> To: Shawn Bowers
> Cc: Bertram Ludaescher; Laura L. Downey; kepler-dev at ecoinformatics.org
> Subject: Re: [kepler-dev] Simple Search
>>>> On Fri, 4 Nov 2005 07:26:24 -0800 (PST)
>>>> Shawn Bowers <sbowers at ucdavis.edu> wrote:
> SB> Reset in google is called the "back" button in your web browser. My
> but I think there is a difference in functionality: if you hit 'back'
> then the server might still be choking on your previous request ;-)
> In contrast, 'reset' would actively reset something somehwhere (I
> SB> is that the naming of buttons seems fairly inconsistent and over
> SB> redundant. It is also unusual to have five buttons for "quick
> I agree with the latter. 5 buttons for quick search is probably 3 too
> many or so.. maybe just search and advanced search?
> SB> -shawn
> SB> On Fri, 4 Nov 2005, Bertram Ludaescher wrote:
>>> Advanced Search is very common (see the google 'Advanced Search').
>>> Reset Search isn't.
>>> my $0.02
>>>>>> On Thu, 03 Nov 2005 17:05:23 -0800
>>>>>> Shawn Bowers <sbowers at ucdavis.edu> wrote:
> SB> Just a small note. I think the use of the term "search" on the
> in the
> SB> design is inconsistent. For example, why does it say "advanced search"
> but not
> SB> "reset search" and "sources for search"? I think redundancy can be
> too, but
> SB> one has to take it with a grain of salt, in particular, i think it is
> SB> obvious that these buttons apply to search (especially with the named
> SB> without having to say it on every single button (or any of them). If
> things are
> SB> inconsistent and over-redundant I think that also has an affect on the
> SB> usability and general impression.
> SB> To me it looks funny ... but it isn't a big deal.
> SB> -shawn
> SB> Laura L. Downey wrote:
>>>>> See comments below.....
>>>>> Laura L. Downey
>>>>> Senior Usability Engineer
>>>>> LTER Network Office
>>>>> Department of Biology, MSC03 2020
>>>>> 1 University of New Mexico
>>>>> Albuquerque, NM 87131-0001
>>>>> 505.277.3157 phone
>>>>> 505.277-2541 fax
>>>>> ldowney at lternet.edu
>>>>> Hi Shawn -
>>>>> I concur with your views on the "source" button - that's an unusual
>>>>> for a search panel - although the "preferences" alternatives may be
>>>>> indirect. I think we need to make the user aware "up front" that there
>>>>> is a choice of locations that may be searched, otherwise they may miss
>>>>> this point and not find what they need. Any other wording suggestions,
>>>>> [LLD>] sources is used because it is linked to the data sources dialog
>>>>> data sources was a bit long -- once the user goes there one time they
>>>>> then know what the word sources means. We could consider the word
>>>>> 'configure' but by choosing sources I'm trying to reinforce "data
>>>>> that is used in the dialog the button is connected to. And yes it is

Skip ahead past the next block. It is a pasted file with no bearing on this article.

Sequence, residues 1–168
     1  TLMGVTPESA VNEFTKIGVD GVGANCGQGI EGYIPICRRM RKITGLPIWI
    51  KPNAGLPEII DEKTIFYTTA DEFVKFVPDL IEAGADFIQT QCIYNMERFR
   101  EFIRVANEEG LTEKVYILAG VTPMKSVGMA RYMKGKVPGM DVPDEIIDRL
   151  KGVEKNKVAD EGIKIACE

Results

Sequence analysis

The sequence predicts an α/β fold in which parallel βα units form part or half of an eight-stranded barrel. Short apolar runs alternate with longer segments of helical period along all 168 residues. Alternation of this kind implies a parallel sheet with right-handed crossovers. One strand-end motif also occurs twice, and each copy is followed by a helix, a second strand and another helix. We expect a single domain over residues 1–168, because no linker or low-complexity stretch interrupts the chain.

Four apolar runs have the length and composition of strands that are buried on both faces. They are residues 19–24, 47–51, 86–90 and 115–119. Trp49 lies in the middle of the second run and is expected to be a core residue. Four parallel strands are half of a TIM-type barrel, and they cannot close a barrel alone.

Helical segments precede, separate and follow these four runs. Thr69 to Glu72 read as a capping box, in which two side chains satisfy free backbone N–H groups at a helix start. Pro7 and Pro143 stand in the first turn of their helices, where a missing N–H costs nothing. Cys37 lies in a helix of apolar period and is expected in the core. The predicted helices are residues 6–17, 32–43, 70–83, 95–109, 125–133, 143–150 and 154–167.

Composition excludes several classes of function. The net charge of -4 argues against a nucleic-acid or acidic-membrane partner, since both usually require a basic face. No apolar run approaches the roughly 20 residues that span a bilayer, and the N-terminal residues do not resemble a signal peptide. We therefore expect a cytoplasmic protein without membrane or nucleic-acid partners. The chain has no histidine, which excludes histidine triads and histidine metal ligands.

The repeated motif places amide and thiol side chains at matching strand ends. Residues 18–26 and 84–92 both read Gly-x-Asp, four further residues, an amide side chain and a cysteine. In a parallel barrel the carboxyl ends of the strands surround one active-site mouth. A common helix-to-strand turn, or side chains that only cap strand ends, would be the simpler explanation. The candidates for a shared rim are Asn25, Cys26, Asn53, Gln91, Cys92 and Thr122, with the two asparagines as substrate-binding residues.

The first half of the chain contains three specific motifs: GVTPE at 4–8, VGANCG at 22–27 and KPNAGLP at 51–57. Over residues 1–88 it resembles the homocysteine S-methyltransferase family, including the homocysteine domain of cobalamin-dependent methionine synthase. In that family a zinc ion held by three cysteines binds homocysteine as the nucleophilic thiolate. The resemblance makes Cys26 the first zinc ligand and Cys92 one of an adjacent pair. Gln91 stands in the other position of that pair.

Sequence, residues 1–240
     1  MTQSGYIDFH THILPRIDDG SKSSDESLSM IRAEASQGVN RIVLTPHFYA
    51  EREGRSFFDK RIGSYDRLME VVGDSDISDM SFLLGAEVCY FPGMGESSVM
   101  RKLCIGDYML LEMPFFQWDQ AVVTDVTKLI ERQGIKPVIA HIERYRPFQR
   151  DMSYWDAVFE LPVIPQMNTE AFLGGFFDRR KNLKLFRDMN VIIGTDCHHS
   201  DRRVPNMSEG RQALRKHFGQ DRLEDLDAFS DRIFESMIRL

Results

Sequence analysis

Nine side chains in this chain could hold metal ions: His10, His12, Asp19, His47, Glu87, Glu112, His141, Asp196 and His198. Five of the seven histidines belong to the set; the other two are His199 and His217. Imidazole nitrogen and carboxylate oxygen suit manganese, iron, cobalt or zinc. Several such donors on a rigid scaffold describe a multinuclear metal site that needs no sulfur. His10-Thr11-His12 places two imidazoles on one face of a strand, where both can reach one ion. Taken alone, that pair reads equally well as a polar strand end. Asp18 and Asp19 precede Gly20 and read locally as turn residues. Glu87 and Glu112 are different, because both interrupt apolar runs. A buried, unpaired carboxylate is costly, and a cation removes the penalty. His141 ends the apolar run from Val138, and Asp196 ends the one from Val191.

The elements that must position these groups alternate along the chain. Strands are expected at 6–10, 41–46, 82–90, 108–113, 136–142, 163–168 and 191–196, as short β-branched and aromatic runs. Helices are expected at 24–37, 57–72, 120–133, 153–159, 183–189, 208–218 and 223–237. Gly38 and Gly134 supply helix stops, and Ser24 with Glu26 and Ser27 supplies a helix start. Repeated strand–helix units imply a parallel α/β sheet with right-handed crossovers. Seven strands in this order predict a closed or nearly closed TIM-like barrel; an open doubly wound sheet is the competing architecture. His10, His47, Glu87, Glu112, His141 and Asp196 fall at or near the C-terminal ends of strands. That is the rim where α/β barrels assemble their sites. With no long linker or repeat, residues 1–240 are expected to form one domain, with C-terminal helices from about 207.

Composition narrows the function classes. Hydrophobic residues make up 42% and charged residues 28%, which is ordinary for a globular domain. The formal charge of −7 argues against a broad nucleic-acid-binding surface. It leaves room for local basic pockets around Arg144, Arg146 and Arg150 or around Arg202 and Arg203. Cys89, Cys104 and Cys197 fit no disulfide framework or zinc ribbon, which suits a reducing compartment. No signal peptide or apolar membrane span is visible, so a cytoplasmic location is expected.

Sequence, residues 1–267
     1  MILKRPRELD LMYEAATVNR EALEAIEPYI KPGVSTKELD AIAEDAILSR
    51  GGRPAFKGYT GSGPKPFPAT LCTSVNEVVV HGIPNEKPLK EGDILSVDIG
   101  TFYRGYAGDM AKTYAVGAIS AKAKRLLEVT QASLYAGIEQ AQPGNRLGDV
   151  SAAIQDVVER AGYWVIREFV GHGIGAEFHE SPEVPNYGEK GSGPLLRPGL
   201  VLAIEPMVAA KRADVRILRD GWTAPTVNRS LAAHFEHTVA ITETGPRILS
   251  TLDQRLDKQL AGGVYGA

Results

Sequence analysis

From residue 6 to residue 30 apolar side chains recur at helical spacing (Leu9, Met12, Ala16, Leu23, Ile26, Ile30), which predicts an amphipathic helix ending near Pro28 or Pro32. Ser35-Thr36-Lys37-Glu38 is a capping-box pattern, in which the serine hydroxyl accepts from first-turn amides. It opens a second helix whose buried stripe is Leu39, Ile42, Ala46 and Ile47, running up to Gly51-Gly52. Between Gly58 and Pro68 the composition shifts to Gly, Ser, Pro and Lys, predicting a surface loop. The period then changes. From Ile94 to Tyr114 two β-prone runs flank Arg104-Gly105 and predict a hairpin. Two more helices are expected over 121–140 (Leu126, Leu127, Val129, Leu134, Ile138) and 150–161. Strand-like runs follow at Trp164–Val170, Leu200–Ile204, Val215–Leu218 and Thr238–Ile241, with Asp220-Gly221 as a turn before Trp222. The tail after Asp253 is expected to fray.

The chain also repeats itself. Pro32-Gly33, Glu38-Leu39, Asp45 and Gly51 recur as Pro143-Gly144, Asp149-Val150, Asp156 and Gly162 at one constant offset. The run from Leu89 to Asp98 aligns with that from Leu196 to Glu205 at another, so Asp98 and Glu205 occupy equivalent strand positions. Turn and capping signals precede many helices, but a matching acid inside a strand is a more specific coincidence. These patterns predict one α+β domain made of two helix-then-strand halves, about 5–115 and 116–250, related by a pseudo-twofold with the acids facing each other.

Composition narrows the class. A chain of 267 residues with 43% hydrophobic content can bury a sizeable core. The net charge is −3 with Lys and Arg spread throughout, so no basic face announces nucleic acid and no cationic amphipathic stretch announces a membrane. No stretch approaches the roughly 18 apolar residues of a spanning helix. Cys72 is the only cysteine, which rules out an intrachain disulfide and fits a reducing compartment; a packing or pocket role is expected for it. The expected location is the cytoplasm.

>>>>> important the user know up front that they can configure data sources
> to be
>>>>> searched which is why this is there. And as Matt pointed out we will
>>>>> doing something very similar for the sources for actor search (adding
>>>>> MoML type etc.).
>>>>> [LLD>] We don't currently have a global preferences or configuration
>>>>> so that is another reason I didn't break this off to something like
>>>>> However even if we did, this sources config is so specific to search
>>>>> data (and there will be something specific for search for actors) that
>>>>> think it needs to be with the collection of things related to search
> so that
>>>>> the user doesn't have to go looking for some not so prominent global
>>>>> preferences dialog.
>>>>> I'd be inclined to just go with Laura's design with regard to the
>>>>> "go" vs. "search" etc, because the buttons need to be a uniform size
>>>>> anyway - we don't gain anything by having a shorter label ("go") - it
>>>>> doesn't allow us to have a narrower button, since we need to maintain
>>>>> consistency. Based on that criterion, it then comes down to a question
>>>>> of who prefers which word... which isn't really worth spending our
>>>>> valuable time debating.
>>>>> Redundancy is sometimes a good thing for reinforcement purposes.
>>>>> Remember the old rule of public speaking - "Tell 'em what you're
>>>>> tell 'em; then *tell* 'em; then tell 'em what you *told* 'em"
>>>>> [LLD>] couldn't have said it better myself Matthew ;-) And I'll add
>>>>> consistency is the key here and making sure not to use the totally
>>>>> word. The HCI research shows that people generally only agree about
> 10% of
>>>>> the time on what the one exact "right" word should be, but they
>>>>> agree on something that is totally confusing. I'd also point out that
>>>>> difference between go and search is probably not some major usability
>>>>> to worry about since we have plenty of bigger issues to deal with.